Some GOP-led states, like Oklahoma and Texas, late last week announced plans to pursue elective procedures, saying that their hospitals had  capacity  to handle a surge.

The freeze on elective procedures had major ripple effects on patients and providers . Many Americans put off  essential procedures , like cancer care, stent repair and other surgeries. Meanwhile, hospitals struggled to adjust to the massive drop in revenue, with workers furloughed and many wards left empty.

"It is important to recognize that so-called elective care or scheduled care often involves providing lifesaving treatments and procedures that are necessary to save lives and keep people healthy," said Rick Pollack of the American Hospital Association, praising CMS' move.

VERMA: NURSING HOMES   MUST REPORT COVID-19 CASES DIRECTLY  — The CMS administrator also announced that the facilities must now tell patients, families and the CDC when there are cases. That data will then be made public by CMS.

"As we reopen the United States, our surveillance effort around the virus will begin in nursing homes," Verma said.  See CMS' announcement .

—  The move comes after thousands of deaths in nursing homes , and with advocates having spent weeks pushing federal officials to adopt more transparency.
Verma has consistently called nursing homes "ground zero" in the spread of Covid-19.

FIRST IN PULSE : HOUSE OVERSIGHT WANTS NURSING HOME ANSWERS FROM VERMA — Democrats want Verma to explain whether CMS is continuing with a proposed rule to roll back nursing home protections, according to a  letter shared first with PULSE  . Under its proposal, CMS would roll back a required annual facility-wide assessment and a requirement that every nursing home maintain at least one qualified infection preventionist on staff, at least part-time.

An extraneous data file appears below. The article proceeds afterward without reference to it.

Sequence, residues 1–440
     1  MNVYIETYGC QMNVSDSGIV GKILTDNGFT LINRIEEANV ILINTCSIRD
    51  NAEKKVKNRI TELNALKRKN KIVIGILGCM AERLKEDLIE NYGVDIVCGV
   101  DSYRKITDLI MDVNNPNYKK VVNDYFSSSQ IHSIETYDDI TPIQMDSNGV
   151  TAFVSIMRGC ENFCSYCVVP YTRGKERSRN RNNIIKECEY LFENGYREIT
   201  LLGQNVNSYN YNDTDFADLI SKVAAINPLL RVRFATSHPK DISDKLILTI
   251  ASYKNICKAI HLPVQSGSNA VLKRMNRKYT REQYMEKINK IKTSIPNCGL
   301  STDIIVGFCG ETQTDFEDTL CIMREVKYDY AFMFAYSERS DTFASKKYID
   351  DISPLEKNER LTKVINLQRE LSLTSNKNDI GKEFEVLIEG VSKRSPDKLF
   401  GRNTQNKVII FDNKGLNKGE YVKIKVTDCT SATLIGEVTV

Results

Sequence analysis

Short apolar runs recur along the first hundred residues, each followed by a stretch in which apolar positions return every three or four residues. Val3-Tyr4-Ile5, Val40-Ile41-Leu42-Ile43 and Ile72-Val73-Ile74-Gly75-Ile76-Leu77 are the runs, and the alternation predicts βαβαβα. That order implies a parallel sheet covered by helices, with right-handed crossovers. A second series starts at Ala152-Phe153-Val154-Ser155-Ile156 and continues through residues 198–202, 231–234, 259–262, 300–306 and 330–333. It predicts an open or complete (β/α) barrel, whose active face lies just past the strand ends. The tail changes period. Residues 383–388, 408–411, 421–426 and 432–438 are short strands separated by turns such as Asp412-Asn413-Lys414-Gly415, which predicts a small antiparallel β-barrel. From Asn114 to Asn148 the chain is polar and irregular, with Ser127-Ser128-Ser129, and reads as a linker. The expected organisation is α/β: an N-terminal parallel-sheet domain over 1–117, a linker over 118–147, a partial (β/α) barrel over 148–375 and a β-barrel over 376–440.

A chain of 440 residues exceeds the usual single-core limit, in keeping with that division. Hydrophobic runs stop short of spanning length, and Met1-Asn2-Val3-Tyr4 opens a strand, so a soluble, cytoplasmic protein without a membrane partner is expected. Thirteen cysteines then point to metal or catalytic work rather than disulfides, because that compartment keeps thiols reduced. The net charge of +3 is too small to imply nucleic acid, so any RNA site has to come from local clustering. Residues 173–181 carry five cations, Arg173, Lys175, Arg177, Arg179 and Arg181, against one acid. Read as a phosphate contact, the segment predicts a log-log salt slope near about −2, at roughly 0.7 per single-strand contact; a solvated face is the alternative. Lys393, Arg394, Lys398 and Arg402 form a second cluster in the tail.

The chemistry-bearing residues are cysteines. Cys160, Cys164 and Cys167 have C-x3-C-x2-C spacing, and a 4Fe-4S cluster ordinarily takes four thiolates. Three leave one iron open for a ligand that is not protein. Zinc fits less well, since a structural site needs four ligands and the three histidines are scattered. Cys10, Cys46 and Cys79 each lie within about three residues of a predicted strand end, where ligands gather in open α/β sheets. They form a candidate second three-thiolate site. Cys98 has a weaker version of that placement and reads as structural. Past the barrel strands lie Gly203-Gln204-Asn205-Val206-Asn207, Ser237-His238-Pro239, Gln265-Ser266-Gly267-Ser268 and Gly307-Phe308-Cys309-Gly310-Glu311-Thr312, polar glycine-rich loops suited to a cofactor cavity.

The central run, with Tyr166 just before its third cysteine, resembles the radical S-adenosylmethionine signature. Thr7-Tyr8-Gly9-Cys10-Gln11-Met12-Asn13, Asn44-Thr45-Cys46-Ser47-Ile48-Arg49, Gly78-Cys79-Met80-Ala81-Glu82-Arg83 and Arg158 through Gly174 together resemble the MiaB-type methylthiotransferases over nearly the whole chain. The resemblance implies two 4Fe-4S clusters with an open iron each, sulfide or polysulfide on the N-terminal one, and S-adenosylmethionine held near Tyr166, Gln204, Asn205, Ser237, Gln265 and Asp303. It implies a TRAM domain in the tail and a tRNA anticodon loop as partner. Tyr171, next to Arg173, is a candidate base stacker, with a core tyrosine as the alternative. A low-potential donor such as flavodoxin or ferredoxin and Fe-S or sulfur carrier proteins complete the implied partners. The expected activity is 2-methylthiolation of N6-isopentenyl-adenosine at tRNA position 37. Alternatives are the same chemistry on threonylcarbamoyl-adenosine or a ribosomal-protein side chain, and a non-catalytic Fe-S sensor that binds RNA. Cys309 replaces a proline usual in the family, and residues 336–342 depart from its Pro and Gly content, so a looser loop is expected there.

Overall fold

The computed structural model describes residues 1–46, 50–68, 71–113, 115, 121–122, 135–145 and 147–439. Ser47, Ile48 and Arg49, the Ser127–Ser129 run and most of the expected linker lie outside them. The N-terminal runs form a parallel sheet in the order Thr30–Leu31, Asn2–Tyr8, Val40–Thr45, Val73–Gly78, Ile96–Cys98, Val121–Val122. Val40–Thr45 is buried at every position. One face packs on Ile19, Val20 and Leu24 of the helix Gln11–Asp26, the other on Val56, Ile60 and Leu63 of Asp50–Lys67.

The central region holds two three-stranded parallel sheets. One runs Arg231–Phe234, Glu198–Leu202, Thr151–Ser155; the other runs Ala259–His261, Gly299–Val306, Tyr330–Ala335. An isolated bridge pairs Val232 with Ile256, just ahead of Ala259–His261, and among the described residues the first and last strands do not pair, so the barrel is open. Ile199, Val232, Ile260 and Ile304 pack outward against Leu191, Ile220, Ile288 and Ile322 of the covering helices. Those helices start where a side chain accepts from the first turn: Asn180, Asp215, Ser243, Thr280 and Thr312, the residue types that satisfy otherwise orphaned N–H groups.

"Now is the time to shore up protections for nursing home residents — not eliminate them," Chair  Carolyn Maloney  and Economic and Consumer Policy Subcommittee Chair  Raja Krishnamoorthi   write to Verma, asking for a briefing by Friday.

What's at stake : "There has never been such a clear illustration of how devastating infections can be in nursing homes — coronavirus is killing scores of nursing home residents," Krishnamoorthi told PULSE, adding that Americans are closely watching the federal response. "If the administration rolls back infection control measures in nursing homes now, Americans who lose loved ones will never forgive them."

CONGRESSIONAL PACKAGE COMING TOGETHER  — Congress and the Trump administration are quickly nearing a deal on more than $400 billion in emergency funding for small businesses hit hard by the coronavirus pandemic, with passage expected in the coming days, POLITICO's Nolan McCaskill, Burgess Everett and Rishika Dugyala reports.

A deal could be announced as early as Monday, according to congressional aides. On a conference call with President Donald Trump and Republican senators on Sunday afternoon, Senate Majority Leader  Mitch McConnell  told Republicans that the only portion of the package not agreed upon focused on coronavirus testing, according to a person briefed on the call.